The challenges themselves are very quirky and unlike campaign or skirmish mode. We'll throw all sorts of hurdles your way, including perpetual satellite debris, a clone army of Yurikos, and giant Kodiak bears just to name a few. For the die-hard competitive players, we've also listed par times for each mission. These times were set by the best players we have on our team, and it'll take a true RTS veteran to beat them. In all, there are about 30 hours of gameplay in this mode!
Eurogamer: Why make a PC-only expansion? And why digital distribution?
Matt Ott: We chose to make a PC-only, digital distribution expansion because it was the fastest way to get Uprising into the hands of our community which has been asking for more stories and campaigns. We're passing those savings on, too
Eurogamer: Are there any major shifts in tactics and strategy between RA3 and Uprising?
Matt Ott: We introduced twelve new units that each have a different spot in the combat chain, so Uprising tactics are quite a bit different than Red Alert 3. It's still the fast, fun, and fluid gameplay the Command & Conquer franchise was built on, but don't think you can rely on your old Red Alert 3 strategies.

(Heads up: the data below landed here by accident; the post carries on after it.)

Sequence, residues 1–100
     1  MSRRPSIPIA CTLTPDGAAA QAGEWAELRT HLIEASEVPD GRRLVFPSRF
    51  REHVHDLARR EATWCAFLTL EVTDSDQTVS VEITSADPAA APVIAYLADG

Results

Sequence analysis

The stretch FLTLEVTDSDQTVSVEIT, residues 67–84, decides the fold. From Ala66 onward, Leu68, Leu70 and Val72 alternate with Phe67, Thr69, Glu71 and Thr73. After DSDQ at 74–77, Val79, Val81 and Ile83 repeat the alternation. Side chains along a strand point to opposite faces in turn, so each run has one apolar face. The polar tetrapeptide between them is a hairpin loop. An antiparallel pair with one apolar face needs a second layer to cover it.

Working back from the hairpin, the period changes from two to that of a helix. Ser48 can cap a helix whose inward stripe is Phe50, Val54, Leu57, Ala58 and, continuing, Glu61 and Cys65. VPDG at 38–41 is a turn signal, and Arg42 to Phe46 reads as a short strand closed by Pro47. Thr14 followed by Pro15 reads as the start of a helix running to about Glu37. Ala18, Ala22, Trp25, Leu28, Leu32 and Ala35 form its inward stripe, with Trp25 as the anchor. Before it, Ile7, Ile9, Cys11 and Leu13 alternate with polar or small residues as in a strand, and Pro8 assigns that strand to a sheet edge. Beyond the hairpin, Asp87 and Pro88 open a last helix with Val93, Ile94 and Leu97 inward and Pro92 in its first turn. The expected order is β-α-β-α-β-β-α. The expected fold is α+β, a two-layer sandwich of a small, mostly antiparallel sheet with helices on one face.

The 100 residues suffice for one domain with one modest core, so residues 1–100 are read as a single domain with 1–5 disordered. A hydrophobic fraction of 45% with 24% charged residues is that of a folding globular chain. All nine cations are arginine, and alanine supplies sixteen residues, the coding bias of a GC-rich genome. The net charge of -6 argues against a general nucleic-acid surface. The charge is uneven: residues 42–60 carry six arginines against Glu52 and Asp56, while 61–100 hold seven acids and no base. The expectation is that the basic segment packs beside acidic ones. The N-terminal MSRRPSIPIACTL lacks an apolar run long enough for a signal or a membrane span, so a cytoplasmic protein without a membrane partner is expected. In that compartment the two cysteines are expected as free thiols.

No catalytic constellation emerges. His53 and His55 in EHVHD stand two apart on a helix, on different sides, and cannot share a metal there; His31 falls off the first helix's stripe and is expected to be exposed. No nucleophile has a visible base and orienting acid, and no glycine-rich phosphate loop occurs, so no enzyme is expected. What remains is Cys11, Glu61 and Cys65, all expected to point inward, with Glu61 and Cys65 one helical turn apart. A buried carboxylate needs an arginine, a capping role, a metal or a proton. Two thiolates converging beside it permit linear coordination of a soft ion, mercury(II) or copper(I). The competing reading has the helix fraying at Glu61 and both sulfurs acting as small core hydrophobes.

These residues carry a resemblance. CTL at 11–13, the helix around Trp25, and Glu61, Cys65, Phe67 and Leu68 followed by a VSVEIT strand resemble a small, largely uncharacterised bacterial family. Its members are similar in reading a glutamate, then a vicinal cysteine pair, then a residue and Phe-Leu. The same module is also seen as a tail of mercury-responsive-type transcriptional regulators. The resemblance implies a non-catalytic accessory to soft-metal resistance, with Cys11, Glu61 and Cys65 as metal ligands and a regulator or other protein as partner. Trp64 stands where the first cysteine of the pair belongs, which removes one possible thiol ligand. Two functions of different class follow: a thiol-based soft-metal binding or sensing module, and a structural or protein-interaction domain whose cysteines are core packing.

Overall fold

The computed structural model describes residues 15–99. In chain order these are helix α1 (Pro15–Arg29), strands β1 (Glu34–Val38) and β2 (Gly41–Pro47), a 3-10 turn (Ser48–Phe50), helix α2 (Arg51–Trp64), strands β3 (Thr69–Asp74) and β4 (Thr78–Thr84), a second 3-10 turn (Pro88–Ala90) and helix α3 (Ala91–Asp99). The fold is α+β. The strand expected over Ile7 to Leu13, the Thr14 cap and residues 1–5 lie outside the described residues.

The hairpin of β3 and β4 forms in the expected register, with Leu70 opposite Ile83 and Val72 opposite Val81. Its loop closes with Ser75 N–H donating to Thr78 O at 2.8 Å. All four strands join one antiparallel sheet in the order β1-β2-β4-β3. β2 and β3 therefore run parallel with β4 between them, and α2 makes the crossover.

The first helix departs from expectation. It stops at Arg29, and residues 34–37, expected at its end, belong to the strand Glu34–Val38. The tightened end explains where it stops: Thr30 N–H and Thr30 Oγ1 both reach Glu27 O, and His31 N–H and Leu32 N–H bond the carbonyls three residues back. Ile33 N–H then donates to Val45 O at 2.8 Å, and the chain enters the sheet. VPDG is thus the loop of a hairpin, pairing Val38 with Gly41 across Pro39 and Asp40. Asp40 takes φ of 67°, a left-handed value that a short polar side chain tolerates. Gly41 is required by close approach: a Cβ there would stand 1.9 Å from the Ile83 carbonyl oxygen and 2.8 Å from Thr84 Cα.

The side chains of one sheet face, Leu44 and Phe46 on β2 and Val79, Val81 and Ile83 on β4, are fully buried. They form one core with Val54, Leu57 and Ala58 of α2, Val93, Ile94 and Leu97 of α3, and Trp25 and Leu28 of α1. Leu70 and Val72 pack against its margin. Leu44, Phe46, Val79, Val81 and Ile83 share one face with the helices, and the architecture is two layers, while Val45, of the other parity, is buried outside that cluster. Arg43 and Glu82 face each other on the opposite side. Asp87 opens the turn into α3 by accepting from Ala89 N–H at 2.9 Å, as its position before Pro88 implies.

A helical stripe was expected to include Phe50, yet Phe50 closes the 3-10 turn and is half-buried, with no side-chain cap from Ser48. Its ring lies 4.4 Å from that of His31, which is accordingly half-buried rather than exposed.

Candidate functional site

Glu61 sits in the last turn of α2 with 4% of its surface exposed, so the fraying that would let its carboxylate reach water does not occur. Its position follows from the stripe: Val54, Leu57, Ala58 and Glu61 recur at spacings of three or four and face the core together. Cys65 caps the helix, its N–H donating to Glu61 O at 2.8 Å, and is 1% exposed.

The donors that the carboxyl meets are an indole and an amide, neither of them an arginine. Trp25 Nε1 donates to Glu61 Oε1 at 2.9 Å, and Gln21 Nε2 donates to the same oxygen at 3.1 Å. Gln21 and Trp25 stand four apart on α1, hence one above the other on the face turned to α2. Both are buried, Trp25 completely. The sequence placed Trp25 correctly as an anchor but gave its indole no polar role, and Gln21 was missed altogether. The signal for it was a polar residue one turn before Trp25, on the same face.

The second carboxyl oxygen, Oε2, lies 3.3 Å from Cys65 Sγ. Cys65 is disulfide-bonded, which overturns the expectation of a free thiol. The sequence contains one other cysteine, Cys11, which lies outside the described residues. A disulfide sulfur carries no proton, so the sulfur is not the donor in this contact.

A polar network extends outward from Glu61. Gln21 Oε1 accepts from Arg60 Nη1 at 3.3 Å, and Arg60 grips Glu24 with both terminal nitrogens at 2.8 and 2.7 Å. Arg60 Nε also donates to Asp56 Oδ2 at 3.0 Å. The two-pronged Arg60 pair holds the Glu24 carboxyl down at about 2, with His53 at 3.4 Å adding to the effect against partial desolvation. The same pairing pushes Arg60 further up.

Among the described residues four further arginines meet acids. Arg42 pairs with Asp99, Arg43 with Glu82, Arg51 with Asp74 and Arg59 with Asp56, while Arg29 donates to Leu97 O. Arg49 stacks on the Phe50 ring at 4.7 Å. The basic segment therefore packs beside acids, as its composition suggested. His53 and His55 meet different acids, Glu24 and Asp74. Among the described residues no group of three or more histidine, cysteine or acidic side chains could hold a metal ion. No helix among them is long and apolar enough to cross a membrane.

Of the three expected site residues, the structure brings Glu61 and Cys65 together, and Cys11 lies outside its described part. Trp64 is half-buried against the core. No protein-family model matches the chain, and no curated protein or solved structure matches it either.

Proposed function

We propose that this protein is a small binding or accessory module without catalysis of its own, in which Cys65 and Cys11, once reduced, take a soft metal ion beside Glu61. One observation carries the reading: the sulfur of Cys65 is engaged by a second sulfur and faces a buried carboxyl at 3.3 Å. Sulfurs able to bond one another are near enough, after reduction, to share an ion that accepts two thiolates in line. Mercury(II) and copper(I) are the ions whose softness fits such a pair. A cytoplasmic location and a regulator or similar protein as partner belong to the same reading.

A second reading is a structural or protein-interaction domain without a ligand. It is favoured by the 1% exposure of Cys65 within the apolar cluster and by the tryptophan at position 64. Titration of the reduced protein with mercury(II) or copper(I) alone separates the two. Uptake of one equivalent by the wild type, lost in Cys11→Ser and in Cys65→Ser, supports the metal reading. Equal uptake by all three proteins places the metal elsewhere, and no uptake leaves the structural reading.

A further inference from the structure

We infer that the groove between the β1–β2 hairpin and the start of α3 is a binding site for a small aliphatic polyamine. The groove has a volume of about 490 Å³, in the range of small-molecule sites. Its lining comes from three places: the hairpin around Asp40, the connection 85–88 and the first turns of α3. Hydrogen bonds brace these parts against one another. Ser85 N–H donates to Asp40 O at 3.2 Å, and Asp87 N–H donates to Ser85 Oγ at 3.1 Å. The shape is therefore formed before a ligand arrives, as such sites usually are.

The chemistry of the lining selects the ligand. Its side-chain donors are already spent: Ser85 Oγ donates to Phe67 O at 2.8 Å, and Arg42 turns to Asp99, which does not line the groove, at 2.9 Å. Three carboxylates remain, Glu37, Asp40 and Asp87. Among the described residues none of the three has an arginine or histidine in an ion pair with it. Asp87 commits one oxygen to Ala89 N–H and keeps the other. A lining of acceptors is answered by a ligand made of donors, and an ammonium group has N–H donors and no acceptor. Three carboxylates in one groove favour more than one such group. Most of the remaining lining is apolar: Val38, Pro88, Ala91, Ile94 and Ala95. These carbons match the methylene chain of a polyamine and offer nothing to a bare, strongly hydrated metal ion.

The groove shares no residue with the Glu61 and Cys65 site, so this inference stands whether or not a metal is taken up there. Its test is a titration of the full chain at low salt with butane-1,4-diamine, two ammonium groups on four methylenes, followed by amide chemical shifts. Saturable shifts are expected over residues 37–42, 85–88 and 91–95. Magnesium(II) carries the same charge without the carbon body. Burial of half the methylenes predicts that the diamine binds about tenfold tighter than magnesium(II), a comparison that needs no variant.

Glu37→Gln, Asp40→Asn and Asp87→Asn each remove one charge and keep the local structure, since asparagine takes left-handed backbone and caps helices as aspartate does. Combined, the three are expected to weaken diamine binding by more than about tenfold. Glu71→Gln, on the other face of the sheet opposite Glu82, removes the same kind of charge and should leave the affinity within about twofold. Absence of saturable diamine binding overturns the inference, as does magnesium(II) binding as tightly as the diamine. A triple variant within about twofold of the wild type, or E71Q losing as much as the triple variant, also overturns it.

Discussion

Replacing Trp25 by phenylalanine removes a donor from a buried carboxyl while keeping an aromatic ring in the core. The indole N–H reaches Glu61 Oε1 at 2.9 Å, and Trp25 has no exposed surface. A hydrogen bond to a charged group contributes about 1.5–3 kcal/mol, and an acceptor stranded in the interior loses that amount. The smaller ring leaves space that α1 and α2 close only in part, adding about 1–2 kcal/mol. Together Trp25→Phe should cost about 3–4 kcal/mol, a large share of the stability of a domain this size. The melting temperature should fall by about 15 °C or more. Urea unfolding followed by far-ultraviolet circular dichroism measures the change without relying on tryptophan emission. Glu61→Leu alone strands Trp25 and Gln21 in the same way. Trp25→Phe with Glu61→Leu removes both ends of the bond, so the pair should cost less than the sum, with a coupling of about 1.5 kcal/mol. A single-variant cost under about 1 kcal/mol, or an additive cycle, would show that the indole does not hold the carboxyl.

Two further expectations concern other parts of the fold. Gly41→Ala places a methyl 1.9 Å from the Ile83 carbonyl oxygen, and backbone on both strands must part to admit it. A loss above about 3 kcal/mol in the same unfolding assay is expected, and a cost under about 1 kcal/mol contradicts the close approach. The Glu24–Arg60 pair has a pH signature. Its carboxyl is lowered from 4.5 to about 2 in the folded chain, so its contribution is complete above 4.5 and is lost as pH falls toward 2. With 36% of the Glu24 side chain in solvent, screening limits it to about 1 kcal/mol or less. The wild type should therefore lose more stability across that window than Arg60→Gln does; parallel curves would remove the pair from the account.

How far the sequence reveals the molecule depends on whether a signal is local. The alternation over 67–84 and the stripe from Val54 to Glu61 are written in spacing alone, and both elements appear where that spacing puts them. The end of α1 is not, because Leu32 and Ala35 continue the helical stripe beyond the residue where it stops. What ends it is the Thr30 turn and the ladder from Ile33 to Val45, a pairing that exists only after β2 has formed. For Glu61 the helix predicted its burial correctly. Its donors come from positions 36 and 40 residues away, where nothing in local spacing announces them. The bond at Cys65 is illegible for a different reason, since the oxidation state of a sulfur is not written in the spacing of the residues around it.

One of the most devastating new units is the Empire's Giga Fortress. This beast takes a full 30 seconds to build, during which time it's completely vulnerable. But once deployed, its naval form is able to take out entire armadas and flight groups. When the Giga Fortress' secondary mode is activated, it transforms into a floating head with a powerful base-killing laser. Terrifying!
Eurogamer: Does Ric Flair actually refer to himself as 'Space Mountain'?
Matt Ott: You'll have to ask Ric himself, but from what I've been told, "It's the oldest ride in the park, but it still has the longest line." Space Mountain is quite popular, apparently. He doesn't mention it in the game since he's Allied Commander Hill, but in one of our Flair vs. Bear videos Space Mountain comes up... Wooo!
Eurogamer: Red Alert 3 was one of the most celebrity-heavy games we've ever seen, and has a bit of a thing for the ladies, which isn't to everyone's taste. Isn't that just attention-grabbing, and doesn't it risk overshadowing the gameplay?
Matt Ott: Tell us how you really feel! Live-action cinematics are a cornerstone of Command & Conquer, and we definitely do have a thing for the ladies. But when the cut-scene ends and you're actually in control, gameplay is king. So we don't feel that casting the likes of Gemma Atkinson, Jamie Chung, or Holly Valance overshadows our gameplay. It's all part of the C&C experience.